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Ruf~Feral~es

The other thing I did say to them (when they were a little older) was 'if you are in the park and feel unsafe, go to another parent. Find someone who has kids with them and ask them for help".

 

Still not foolproof, and it never happened.

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marple

Yes, I also had the if you are at all worried when you are out go to a mum with kids or run into a shop and ask to call me.

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annodam

I never really talked in depth to my kids about stranger danger. Mine never/don't randomly chat to strangers anyway but when a friends son was approached by some random guy at School during recess (a couple of years ago now) it has become a major focus of who we can & cannot talk to/interact with, especially when they find themselves on their own.

My youngest is 11 now & this is the first year he will be at School with no older sibling, so we have made an arrangement of where he will meet me after School.

Another thing, I have drummed into my sons head is that an adult will never ask a child for help with anything, whether it be helping to find a lost puppy, a lost child, a wallet, phone nothing.

Adults should ask another adult for help, not a kid!

 

 

 

EFS:

Edited by annodam
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3babygirls

DO NOT use the phrase Stranger Danger. That will help immensely.

 

I just used the title 'stranger danger' because I didn't know else what to put. I wouldn't actually say that to her.

 

Another thing, I have drummed into my sons head is that an adult will never ask a child for help with anything, whether it be helping to find a lost puppy, a lost child, a wallet, phone nothing.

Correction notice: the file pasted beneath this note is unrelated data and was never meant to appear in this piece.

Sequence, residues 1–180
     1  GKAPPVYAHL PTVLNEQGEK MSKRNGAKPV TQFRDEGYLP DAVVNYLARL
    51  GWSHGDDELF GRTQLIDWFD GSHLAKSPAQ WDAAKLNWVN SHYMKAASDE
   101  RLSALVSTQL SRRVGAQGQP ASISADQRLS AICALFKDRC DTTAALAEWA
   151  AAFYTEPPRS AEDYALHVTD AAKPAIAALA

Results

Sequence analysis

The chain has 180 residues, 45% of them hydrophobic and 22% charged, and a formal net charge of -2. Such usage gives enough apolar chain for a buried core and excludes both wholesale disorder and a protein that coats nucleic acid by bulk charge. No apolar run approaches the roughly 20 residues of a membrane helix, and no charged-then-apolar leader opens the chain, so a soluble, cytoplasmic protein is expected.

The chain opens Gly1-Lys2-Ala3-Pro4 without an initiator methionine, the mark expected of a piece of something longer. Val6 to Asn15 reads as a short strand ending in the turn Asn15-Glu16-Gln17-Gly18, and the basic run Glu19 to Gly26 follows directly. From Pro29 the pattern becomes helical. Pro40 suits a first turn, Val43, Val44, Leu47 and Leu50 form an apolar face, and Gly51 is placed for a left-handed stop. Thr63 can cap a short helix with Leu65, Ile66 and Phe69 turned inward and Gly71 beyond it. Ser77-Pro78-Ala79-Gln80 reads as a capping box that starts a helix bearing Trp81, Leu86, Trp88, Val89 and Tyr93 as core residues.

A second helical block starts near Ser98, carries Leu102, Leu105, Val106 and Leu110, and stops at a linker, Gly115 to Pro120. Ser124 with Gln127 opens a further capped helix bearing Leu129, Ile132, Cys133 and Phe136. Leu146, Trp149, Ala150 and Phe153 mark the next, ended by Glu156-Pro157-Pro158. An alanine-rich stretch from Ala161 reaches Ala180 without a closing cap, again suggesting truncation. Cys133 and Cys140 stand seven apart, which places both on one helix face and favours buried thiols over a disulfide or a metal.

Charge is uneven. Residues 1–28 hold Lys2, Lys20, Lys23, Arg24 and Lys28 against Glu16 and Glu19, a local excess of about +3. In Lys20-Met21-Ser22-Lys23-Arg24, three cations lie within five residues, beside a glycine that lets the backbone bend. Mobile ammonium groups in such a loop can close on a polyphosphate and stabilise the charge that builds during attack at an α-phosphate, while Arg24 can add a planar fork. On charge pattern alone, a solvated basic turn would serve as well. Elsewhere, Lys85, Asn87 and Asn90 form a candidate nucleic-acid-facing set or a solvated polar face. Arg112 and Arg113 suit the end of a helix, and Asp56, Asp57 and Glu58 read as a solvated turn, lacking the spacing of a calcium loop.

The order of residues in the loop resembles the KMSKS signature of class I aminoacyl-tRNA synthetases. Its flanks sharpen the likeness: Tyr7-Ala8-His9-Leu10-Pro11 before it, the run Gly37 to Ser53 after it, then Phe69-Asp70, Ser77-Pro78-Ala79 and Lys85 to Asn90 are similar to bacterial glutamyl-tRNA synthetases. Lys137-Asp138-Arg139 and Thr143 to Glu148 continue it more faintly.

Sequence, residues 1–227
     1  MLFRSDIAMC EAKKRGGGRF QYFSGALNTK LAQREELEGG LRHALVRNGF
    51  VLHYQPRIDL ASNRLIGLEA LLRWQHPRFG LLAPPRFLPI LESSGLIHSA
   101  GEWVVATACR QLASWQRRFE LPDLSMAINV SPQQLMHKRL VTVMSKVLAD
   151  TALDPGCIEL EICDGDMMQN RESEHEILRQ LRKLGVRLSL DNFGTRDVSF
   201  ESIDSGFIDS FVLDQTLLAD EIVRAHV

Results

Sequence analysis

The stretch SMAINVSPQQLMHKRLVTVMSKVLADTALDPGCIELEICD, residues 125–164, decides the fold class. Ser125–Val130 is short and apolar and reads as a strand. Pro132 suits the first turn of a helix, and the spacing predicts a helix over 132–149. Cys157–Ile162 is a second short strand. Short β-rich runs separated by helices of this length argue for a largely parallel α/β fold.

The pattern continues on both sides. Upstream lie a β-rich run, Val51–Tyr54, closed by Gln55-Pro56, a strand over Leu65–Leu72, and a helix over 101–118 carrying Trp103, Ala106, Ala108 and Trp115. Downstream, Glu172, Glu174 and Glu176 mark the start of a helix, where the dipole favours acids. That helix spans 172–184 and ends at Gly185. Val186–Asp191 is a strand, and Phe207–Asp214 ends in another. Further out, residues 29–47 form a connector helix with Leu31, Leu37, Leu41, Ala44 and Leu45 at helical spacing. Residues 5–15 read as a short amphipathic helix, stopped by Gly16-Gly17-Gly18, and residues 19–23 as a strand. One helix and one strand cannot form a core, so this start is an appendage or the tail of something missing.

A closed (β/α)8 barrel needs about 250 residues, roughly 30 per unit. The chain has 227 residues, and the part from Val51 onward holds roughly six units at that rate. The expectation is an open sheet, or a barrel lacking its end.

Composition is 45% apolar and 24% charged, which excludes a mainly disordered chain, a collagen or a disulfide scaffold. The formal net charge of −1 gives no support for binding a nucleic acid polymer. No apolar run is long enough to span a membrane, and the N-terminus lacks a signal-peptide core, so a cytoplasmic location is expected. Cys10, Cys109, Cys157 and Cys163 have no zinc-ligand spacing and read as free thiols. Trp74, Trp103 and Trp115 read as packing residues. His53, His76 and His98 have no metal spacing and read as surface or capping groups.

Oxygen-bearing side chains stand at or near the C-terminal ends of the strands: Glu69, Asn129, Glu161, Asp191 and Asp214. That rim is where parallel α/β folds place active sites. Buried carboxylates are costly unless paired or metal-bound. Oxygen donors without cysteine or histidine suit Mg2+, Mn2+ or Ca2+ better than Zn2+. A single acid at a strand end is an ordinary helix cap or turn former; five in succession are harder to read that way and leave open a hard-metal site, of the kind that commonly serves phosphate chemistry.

Adults should ask another adult for help, not a kid!

 

 

 

Thanks, that is actually a good point.

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Hands Up

We use tricky people. Tricky people are adults or even big kids who ask you for help instead of asking someone their own size, who ask you to keep a secret or who ask you to go somewhere else. We’ve also talked a lot about what is in their underpants is private etc.

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Grrrumbles

Your police website might have some information. We watch Constable Kenny on YouTube and he covers some of these issues like an adult should ask another adult for help not a child.

 

It can be hard as all children are different. DS is not chatty at all so would not for example help an older person get something from a shelf in the supermarket as he does not interact with strangers and wouldn’t see an opportunity to help.

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MadMarchMasterchef

I tried and failed with my kids at age 3 ( short attention span) but here they learn about it at 4yo kinder and that was very effective.

 

I guess rather than strangers talk about people you can trust with a problem - like grandparents, teachers, police officers etc.

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PandoBox

We teach "tricky people" in our house. It encourages intuition and helps children navigate that there are some strangers you can talk to (guy at the coffee shop, police people) etc.

 

 

Google this.. there is a few articles around it.

 

This is so much better because kids usually can feel an off vibe about someone.

 

I think this is important because unfortunately we live in a world where "stereotypically safe people" like police officers, teachers, security guards can be tricky people too that we don't want our kids talking to, following or obeying.

 

I would also role play some typical red flag moments that are no brainers...eg "can you not tell your mummy and daddy about this"